Am I even allowed to say that? Am I allowed to suggest that there might be a reasonable explanation? Or does that automatically paint me as a racist?

And if it does come to light that he was in the wrong, what in this white cop’s background and experience that made him so fearful of an unarmed black boy walking down the middle of the street that he felt justified in his actions? Not to defend him . . . but to understand. Because we all know the situation is so much bigger than this one incident.

The racial divide seems huge right now. Sometimes we think we’ve come so far and then events like this happen and we realize we really haven’t come that far at all. And of course, some knew that already because they live with it every day.

I don’t think the news media helps the situation either. I feel like the media often incites discontent and animosity. They only tell half the story, and we fall into their trap every time, jumping to conclusions without knowing all the facts or allowing for the possibility that there may be more going on than we know. We allow ourselves to get defensive because we feel maligned and misunderstood, and we don’t take the time to listen to each other and try to bridge the gap.

Perhaps more listening and understanding would go a long way towards closing the racial divide. It doesn’t feel like there’s much else I can do from where I sit. I feel pretty helpless, actually. The issues are large and complicated and perhaps racism will never leave us completely — it is a sinful world, after all. I don’t think for a second that we are ever going to live in a utopia — at least not on this side of heaven. But that doesn’t mean that I have to condone ignorance or ugliness. Or ignore it and pretend it doesn’t exist because it makes me uncomfortable or because I don’t have to worry about my son being shot by a police officer when he’s minding his own business… or, for that matter, even being a belligerent (unarmed) kid.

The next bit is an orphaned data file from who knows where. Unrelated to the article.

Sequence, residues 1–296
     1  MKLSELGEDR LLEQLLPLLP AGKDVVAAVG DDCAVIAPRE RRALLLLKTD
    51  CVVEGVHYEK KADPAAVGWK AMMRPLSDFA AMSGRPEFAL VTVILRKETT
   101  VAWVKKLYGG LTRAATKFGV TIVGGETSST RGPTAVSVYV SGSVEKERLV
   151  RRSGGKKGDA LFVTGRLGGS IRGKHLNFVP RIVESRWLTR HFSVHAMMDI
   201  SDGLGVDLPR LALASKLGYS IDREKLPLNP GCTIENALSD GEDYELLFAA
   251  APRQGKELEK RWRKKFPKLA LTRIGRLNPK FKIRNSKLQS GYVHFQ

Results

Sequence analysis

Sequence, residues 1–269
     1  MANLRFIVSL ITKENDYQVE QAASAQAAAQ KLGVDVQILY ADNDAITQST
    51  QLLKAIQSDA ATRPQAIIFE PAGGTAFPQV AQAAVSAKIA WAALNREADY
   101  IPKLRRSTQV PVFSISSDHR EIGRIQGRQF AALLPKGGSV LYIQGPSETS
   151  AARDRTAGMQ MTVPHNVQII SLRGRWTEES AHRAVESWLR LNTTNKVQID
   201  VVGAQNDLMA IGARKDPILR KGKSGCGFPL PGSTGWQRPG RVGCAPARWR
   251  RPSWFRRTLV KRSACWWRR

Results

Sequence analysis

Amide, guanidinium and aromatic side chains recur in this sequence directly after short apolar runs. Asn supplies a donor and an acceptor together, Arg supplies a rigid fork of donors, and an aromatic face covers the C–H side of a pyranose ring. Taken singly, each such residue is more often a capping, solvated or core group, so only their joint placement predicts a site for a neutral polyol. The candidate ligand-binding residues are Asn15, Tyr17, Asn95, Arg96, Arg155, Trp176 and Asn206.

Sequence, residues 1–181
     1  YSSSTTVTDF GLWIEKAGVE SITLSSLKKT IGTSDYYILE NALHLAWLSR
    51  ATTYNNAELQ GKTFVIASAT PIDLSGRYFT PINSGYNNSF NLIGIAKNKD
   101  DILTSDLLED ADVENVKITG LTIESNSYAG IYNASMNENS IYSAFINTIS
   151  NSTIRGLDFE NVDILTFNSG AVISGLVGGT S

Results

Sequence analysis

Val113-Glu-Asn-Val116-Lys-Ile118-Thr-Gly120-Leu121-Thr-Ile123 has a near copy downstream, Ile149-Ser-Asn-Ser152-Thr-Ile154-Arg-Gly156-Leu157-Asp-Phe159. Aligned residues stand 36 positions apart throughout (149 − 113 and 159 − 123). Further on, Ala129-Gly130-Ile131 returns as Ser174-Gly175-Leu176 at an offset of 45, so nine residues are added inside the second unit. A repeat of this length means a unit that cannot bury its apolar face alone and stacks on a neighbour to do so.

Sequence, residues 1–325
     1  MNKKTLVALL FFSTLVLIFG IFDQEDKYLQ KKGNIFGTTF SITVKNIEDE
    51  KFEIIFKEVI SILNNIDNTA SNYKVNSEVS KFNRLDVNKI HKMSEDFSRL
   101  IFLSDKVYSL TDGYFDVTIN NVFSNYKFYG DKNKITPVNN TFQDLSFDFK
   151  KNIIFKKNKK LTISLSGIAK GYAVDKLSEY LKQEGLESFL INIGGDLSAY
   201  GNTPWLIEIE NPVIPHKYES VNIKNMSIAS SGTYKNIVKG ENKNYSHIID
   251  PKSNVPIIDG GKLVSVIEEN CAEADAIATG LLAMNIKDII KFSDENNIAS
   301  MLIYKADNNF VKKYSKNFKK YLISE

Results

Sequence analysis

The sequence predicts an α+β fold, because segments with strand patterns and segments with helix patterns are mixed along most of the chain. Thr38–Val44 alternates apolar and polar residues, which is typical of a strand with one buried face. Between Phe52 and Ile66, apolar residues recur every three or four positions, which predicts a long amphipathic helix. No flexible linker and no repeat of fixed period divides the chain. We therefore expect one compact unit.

I will be honest and tell you that I really don’t know how to wrap this up. Because I will hit publish, grab another cup of coffee, and go on about my day. I might go for a bike ride this morning, and later on I will whip up homemade salsa with my organic veggies from the CSA. I will probably photograph my outfit and generally go about my privileged life. I will share the latest sales on Facebook and post cute pictures of my dog on Instagram, and when I sit down to take a “break” I will peruse Facebook and read more articles by well meaning people trying to make sense of this messed up world. And I will do it all from my safe little suburban neighborhood because that’s the life I was born into.

I’m not apologizing for that, but I do promise that I will not stop listening and trying to understand. And I will do my best to teach my kids to listen and hear other perspectives. And while we may never have unity and peace this side of heaven, there is the promise of that day. For now I take comfort in that.